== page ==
The economy of the Caliphate was very diverse and successful, primarily consisting of trade. Muslim trade routes connected al-Andalus with the rest of the Mediterranean and beyond. There were many areas of industry that were revitalized during the Caliphate: textiles, ceramics, glassware, metalwork, and agriculture all benefiting the state. The Arabs introduced new crops, such as rice, watermelon, banana, eggplant and hard wheat. They used better irrigation systems with the help of water wheels.
The Caliphate of Cordoba had an ethnically, culturally, and religiously diverse society. The society was comprised by: A minority of ethnic Muslims of Arabic descent who used to occupy the higher priestly and ruling positions, another minority of Muslims of Berber descent mainly connected to the war machine, and native Hispano-Gothic converts, who comprised the majority of the Muslim minority and could be found in all strata of society, although, the vast majority did not enjoy a social status comparable to Arabs or even Berbers, but a status inferior to them. A Jewish minority represented about 5 to 10% of the population, more numerous than the Arabs and about equal in numbers as the Berbers. The Jews were mainly involved in business and trade as well as some more intellectual occupations. The Christian Mozarab majority, indigenous to the Spains, were Catholic Christians of the Visigothic rite, who spoke a variant of Latin close to today's Spanish, Portuguese or Catalan but with a little more Arabic influence. The Mozarabs were the lower strata of society and were forced to pay heavy taxes and deprived of some of their civil rights although, culturally, the Mozarab Christians adopted some few manners proper of the Muslims. The ethnically Arabs were at the top of the social hierarchy; Muslims in general had a higher social standing than Jews, which in turn had in general a higher social standing than Christians. Christians and Jews were considered dhimmis. They had to pay the jizya, a specific tax levied on Christians and Jews to support the wars against the Christian Kingdoms in the North. The word of a Muslim was valued more than that of a Christian or Jew in court, and there were some offenses that were more harshly punished when a Jew or Christian was the perpetrator against a Muslim, while the same offenses were permitted when the perpetrator was a Muslim and the victim a non Muslim. Half of the population in Cordoba is reported to have been Muslim by the 10th century, with some 70% by the 11th century. And this is explained not as much by conversions as by the many Muslims immigrants from North Africa and other regions of Hispania who wave after wave settled in the capital of the Caliphate. This, combined with the mass expulsions of Christians from Cordoba which had happened decades before, after a Christian revolt in the city, explain how during the Caliphate, the city of Cordoba was the greatest Muslim centre in the region. Jewish immigration to Cordoba also grew in this period.
List of rulers
According to historians, the Emirs and Caliphes who made up the Umayyad dynasty in Al-Andalus were all sons from concubine slaves, almost all of whom were Spanish and from the North of the Peninsula. The founder of this dynasty, Abd-ar-Rahman I, was the son of a Berber woman, and his son and Emir successor had a Spanish mother. Therefore, a genetic study concluded that the genome of Hisâm II, the tenth ruler of the Umayyad dynasty, "would have mostly originated from the Iberian Peninsula and would not be more than 0.1% of Arab descent, although the Y chromosome would still be of fully Arab origin".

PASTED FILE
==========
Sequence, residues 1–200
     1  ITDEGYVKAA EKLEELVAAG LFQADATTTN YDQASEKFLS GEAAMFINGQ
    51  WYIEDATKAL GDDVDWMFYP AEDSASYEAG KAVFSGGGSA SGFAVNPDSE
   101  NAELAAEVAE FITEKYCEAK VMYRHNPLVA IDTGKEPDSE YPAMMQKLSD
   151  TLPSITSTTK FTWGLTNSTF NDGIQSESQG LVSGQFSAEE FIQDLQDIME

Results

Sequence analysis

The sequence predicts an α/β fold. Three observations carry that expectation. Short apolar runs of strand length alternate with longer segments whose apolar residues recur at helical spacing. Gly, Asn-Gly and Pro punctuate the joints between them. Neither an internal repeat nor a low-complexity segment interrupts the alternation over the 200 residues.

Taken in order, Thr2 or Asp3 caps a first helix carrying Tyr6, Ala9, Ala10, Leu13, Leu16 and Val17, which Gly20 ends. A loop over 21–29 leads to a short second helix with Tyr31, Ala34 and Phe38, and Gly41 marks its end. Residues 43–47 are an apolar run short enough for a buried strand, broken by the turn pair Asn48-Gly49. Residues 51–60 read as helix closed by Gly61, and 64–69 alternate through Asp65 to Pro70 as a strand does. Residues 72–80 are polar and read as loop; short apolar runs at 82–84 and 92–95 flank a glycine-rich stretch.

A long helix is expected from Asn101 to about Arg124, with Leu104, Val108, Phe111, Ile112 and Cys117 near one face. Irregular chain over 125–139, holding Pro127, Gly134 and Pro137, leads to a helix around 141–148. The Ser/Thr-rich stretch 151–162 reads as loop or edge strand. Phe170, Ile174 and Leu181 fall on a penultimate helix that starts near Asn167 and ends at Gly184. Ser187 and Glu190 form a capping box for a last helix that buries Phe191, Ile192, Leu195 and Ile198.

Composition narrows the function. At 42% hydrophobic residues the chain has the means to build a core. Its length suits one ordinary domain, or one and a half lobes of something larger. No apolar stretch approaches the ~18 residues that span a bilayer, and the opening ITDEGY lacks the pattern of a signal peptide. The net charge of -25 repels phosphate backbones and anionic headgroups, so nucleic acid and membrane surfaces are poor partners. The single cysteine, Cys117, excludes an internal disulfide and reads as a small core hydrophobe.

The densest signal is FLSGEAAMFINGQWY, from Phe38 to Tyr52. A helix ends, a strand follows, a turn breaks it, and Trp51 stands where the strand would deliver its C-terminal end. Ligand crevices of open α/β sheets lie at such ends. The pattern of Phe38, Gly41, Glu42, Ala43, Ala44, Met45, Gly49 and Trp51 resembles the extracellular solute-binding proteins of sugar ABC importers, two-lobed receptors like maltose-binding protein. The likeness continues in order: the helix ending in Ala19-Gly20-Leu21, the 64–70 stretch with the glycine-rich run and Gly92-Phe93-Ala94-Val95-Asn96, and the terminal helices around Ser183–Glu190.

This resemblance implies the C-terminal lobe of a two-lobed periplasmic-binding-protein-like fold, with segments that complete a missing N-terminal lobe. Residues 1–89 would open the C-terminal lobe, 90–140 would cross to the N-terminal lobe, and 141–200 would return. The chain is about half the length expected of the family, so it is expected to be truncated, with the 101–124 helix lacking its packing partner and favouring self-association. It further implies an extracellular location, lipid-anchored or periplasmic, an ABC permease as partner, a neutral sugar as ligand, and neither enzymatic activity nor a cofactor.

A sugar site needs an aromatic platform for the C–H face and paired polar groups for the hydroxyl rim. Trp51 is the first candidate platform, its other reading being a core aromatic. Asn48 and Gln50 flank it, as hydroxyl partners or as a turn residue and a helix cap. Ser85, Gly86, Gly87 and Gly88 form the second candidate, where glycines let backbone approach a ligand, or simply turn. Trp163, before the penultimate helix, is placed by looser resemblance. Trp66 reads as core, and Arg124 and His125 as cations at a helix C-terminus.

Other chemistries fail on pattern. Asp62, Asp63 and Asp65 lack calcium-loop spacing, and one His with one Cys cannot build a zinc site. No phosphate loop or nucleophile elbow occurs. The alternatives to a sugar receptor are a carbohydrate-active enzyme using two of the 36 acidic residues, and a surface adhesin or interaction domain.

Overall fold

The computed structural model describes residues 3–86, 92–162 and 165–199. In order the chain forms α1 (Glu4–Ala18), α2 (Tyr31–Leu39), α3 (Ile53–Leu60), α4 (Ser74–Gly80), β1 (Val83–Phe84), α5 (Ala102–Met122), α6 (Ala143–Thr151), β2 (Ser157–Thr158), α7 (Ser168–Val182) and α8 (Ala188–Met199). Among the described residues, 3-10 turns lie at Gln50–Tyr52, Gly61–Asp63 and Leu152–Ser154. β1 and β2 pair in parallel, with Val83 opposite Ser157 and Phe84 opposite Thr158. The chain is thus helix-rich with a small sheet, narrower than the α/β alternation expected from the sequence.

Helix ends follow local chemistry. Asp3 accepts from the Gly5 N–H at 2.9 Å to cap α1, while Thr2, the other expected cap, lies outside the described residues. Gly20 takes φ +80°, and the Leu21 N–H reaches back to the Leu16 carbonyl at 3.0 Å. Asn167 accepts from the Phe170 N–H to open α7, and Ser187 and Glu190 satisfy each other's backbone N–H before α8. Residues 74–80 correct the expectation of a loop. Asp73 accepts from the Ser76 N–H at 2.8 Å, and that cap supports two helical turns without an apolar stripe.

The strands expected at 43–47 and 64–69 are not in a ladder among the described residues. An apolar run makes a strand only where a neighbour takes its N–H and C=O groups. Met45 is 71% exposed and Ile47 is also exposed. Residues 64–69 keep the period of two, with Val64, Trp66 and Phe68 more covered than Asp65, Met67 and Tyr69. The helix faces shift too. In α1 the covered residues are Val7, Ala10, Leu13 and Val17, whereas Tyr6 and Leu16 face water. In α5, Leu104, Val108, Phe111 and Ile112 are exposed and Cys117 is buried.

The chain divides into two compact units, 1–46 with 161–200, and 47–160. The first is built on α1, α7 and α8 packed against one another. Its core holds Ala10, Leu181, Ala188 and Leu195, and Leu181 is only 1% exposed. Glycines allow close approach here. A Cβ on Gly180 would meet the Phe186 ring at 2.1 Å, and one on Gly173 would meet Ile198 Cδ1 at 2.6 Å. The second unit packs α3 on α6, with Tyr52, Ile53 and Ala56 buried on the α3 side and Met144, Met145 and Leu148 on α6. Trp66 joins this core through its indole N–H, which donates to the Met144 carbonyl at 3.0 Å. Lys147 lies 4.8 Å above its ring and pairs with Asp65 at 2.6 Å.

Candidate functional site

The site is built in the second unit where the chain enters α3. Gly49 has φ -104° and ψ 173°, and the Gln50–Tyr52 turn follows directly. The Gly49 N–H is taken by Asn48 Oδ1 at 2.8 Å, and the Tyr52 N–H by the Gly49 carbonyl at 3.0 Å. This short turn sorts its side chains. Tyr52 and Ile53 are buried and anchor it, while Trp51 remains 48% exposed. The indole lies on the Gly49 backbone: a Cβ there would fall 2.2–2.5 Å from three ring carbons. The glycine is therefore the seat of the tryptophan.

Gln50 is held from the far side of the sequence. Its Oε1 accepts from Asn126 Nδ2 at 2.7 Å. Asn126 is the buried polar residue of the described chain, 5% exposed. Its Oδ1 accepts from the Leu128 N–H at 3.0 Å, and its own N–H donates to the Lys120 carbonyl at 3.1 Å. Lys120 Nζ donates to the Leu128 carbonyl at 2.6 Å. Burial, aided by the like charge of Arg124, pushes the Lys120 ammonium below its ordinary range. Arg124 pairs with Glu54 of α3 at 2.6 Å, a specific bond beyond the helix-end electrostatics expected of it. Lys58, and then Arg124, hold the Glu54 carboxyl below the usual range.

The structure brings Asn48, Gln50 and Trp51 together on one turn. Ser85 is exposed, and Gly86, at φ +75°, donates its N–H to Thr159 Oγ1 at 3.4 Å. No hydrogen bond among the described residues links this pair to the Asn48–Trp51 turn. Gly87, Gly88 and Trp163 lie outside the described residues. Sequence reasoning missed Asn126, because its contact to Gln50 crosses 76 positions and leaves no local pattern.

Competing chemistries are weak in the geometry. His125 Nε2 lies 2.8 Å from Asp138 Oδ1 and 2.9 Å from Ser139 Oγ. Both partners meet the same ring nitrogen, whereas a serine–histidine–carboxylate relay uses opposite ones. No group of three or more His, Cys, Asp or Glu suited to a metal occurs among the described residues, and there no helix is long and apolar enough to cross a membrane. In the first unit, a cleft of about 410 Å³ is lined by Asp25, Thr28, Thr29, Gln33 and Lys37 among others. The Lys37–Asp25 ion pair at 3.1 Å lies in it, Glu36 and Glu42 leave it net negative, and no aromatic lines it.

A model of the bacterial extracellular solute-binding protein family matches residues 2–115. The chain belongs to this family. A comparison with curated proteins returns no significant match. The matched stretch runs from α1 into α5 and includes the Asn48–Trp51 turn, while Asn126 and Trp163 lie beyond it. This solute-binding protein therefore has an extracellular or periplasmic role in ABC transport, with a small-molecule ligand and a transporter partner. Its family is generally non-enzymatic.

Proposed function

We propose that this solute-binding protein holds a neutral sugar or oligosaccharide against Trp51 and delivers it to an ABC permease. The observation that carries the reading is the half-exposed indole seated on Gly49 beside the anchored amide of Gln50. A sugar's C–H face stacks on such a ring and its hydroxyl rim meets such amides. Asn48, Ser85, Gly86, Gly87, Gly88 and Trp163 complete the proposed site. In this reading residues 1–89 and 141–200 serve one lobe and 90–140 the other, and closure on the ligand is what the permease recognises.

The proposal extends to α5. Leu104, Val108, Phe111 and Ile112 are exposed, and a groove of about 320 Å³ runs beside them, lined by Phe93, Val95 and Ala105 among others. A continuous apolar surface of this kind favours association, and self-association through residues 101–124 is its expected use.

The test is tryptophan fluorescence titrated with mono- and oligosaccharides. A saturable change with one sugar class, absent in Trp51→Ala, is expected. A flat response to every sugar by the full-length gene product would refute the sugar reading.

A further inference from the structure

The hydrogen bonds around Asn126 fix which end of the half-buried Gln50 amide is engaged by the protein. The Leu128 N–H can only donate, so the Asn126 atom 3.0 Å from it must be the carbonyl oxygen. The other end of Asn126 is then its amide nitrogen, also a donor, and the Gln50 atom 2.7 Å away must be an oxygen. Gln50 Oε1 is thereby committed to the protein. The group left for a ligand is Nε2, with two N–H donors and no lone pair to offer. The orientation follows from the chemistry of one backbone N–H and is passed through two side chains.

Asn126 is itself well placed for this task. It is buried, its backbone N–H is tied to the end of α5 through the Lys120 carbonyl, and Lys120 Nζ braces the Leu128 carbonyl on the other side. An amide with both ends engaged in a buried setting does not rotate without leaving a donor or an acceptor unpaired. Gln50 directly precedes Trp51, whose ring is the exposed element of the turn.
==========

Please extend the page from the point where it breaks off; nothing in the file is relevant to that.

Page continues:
Umayyad Emirs of Córdoba
- Abd ar-Rahman I, 756–788
- Hisham I, 788–796
- al-Hakam I, 796–822
- Abd ar-Rahman II, 822–852
- Muhammad I, 852–886
- al-Mundhir, 886–888
- Abdallah ibn Muhammad, 888–912
- Abd ar-Rahman III, 912–929
Umayyad Caliphs of Córdoba
- Abd ar-Rahman III, as caliph, 929–961
- Al-Hakam II, 961–976
- Hisham II, 976–1008
- Muhammad II, 1008–1009
- Sulayman II, 1009–1010
- Hisham II, restored, 1010–1012
- Sulayman II, restored, 1012–1016
- Abd ar-Rahman IV, 1017
The Umayyad dynasty was interrupted by the Hammudid dynasty:
- Ali ibn Hammud al-Nasir, 1016–1018
- Al-Qasim ibn Hammud al-Ma'mu, 1018–1021
- Yahya ibn Ali ibn Hammud al-Mu'tali, 1021–1023
- Al-Qasim ibn Hammud al-Ma'mu, 1023 (restored)
The Umayyad dynasty returned to power:
- Abd-ar-Rahman V, 1023–1024
- Muhammad III, 1024–1025
- interreign of Yahya ibn Ali ibn Hammud al-Mu'tali, 1025–1026
- Hisham III, 1026–1031
- History of Islam
- History of Gibraltar
- History of Algeria
- History of Portugal
- History of Morocco
- History of Spain
- List of Sunni Muslim dynasties
- Septimania timeline
- Azizur Rahman, Syed (2001). The Story of Islamic Spain (snippet view). New Delhi: Goodword Books. p. 129. ISBN 978-81-87570-57-8. Retrieved 5 September 2010. "[Emir Abdullah died on] 16 Oct., 912 after 26 years of inglorious rule leaving his fragmented and bankrupt kingdom to his grandson ‘Abd ar-Rahman. The following day, the new sultan received the oath of allegiance at a ceremony held in the "Perfect salon" (al-majils al-kamil) of the Alcazar."
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- Reilly, Bernard F. (1993). The Medieval Spains. Cambridge: Cambridge University Press. pp. 87–89. ISBN 0521394368.
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- Guichard, P. (1976). Al-Andalus: Estructura antropológica de una sociedad islámica en Occidente. Barcelona: Barral Editores. ISBN 8421120166.
- Ambrosio, B.; Hernandez, C.; Noveletto, A.; Dugoujon, J. M.; Rodriguez, J. N.; Cuesta, P.; Fortes-Lima, C.; Caderon, R. (2010). "Searching thie peopling of the Iberian Peninsula from the perspective of two Andalusian subpopulations: a study based on Y-chromosome haplogroups J and E". Collegium Antropologicum 34 (4): 1215–1228. PMID 21874703.